Bankrupt Conseco has sold the General Motors Building in midtown Manhattan for $1.4 billion and hopes to emerge from the third-largest bankruptcy in U.S. history as early as Sept. 9 if a judge approves its latest financial plan.

Conseco bought the 50-story GM Building for $878 million in 1998 in partnership with developer Donald Trump. The sale of the trophy building, which overlooks Central Park, would help bolster the company's cash position as its prepares to emerge from bankruptcy.

U.S. Bankruptcy Judge Carol A. Doyle is expected to rule on Conseco's plan within the next few weeks. The Carmel, Ind.-based insurer and finance company has whittled down its debt from more than $7 billion to $1.4 billion.

The company cleared its last major obstacle last week when the U.S. Trustee's Office agreed to drop its objections. U.S. Trustee Ira Bodenstein had bojected to portions of the plan that provided broad legal protections fro Conseco officials and forced some investors to drop their objections to the plan in exchange for recovering some of what was owed them.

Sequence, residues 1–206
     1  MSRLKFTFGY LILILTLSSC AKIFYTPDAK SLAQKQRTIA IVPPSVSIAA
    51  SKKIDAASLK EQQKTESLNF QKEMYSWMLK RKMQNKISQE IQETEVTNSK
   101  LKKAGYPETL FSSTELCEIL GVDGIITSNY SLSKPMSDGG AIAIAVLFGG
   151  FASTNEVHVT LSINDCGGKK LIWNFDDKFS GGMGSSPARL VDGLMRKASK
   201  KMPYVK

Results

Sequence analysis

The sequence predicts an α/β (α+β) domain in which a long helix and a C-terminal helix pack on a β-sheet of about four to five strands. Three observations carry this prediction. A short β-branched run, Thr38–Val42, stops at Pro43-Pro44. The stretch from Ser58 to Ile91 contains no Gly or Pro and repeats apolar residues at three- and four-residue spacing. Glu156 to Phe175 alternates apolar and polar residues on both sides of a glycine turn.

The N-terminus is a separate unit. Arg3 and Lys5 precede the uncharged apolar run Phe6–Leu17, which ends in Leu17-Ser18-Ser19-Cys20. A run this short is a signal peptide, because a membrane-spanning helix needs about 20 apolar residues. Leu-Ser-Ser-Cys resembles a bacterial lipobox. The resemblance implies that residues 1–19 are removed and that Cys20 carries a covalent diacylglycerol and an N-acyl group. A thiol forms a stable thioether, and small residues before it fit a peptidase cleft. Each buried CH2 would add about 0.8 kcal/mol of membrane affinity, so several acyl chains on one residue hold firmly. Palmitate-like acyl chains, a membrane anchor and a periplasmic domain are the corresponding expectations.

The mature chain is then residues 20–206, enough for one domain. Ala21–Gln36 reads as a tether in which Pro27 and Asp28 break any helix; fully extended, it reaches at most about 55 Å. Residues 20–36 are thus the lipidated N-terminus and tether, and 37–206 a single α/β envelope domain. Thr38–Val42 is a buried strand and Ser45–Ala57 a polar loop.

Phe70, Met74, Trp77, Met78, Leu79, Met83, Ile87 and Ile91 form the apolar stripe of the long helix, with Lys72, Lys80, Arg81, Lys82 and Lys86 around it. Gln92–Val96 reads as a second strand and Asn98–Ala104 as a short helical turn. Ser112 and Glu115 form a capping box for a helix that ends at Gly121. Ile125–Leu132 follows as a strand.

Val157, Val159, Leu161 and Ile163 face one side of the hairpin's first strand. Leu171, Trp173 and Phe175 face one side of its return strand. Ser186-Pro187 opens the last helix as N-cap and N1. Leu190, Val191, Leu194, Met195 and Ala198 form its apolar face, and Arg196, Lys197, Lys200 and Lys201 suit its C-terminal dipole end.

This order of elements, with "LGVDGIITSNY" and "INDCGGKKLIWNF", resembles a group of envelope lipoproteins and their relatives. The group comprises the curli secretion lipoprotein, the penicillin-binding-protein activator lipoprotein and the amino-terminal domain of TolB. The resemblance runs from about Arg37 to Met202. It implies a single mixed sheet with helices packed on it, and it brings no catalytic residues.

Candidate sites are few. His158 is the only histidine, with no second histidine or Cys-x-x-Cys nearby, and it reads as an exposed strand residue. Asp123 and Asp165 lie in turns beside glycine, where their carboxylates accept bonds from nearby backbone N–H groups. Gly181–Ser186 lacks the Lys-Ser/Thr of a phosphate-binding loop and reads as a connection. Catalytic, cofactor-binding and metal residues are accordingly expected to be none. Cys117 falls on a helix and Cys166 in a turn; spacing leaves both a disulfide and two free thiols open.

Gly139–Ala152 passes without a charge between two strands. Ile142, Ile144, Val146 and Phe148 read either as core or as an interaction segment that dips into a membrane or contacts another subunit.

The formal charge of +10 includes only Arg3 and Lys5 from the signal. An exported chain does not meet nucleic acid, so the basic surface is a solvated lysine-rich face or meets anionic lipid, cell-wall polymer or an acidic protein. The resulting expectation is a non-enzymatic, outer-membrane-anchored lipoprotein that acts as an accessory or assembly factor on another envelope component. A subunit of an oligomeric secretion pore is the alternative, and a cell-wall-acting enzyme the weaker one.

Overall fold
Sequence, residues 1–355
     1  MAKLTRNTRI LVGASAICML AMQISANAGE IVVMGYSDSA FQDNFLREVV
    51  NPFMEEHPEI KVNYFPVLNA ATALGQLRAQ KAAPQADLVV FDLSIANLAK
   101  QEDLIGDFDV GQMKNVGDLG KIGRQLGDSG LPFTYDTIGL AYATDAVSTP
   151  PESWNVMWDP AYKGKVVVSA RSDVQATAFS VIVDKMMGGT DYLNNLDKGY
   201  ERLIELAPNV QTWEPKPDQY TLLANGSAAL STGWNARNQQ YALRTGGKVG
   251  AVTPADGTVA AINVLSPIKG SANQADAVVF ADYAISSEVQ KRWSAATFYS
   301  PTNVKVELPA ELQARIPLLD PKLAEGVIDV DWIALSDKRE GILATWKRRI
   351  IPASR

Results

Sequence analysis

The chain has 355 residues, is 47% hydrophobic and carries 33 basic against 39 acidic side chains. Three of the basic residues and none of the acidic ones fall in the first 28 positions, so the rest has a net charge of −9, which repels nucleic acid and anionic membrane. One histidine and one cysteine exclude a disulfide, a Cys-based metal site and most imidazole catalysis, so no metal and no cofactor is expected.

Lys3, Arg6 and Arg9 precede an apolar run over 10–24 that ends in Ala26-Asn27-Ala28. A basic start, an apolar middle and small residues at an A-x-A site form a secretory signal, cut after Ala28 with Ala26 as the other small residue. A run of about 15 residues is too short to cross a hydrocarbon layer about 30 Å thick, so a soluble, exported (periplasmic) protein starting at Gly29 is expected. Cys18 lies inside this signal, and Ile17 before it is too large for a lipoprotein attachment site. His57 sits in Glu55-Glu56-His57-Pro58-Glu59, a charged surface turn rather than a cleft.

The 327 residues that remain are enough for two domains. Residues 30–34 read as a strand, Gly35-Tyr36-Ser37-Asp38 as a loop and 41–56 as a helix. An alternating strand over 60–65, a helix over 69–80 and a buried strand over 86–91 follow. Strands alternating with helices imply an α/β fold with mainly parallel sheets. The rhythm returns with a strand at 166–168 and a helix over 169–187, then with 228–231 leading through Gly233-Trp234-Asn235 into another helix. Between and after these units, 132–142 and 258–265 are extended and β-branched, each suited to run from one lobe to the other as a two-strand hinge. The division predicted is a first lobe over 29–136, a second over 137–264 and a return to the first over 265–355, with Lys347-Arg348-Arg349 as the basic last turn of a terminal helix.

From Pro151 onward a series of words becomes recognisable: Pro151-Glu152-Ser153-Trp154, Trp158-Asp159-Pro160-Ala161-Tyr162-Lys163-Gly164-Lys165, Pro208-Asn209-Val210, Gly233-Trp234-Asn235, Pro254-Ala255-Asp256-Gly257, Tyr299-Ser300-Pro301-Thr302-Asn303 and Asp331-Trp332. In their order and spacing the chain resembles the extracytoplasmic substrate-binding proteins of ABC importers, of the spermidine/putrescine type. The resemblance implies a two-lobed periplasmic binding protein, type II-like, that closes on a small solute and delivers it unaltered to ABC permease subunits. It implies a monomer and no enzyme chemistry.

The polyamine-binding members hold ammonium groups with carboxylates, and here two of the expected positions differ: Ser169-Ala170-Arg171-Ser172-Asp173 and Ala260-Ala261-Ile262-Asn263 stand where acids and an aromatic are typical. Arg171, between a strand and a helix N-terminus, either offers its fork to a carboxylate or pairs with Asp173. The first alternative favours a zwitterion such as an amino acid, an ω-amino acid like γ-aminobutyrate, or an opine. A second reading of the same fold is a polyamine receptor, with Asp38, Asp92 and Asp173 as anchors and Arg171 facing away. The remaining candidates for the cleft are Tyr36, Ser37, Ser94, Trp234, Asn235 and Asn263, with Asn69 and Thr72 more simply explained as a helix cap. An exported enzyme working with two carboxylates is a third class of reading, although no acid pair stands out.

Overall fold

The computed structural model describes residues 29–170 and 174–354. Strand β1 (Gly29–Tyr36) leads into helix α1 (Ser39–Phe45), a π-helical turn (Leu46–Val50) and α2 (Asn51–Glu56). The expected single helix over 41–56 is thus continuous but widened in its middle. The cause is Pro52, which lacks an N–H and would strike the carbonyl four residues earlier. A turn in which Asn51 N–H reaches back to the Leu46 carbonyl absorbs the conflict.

If the judge does not approve the plan, Conseco's struggling insurance companies could be forced into receivership and sold, effectively leaving Conseco with no assets of any value.

The company wound up in bankruptcy when it collapsed under a huge debt load resulting from a rash of acquisitions in the 1990s, including the $6 billion purchase of Green Tree, the nation's largest lender to mobile-home buyers.

Its portfolio of mobile-home loans is being spun off as part of the bankruptcy reorganization.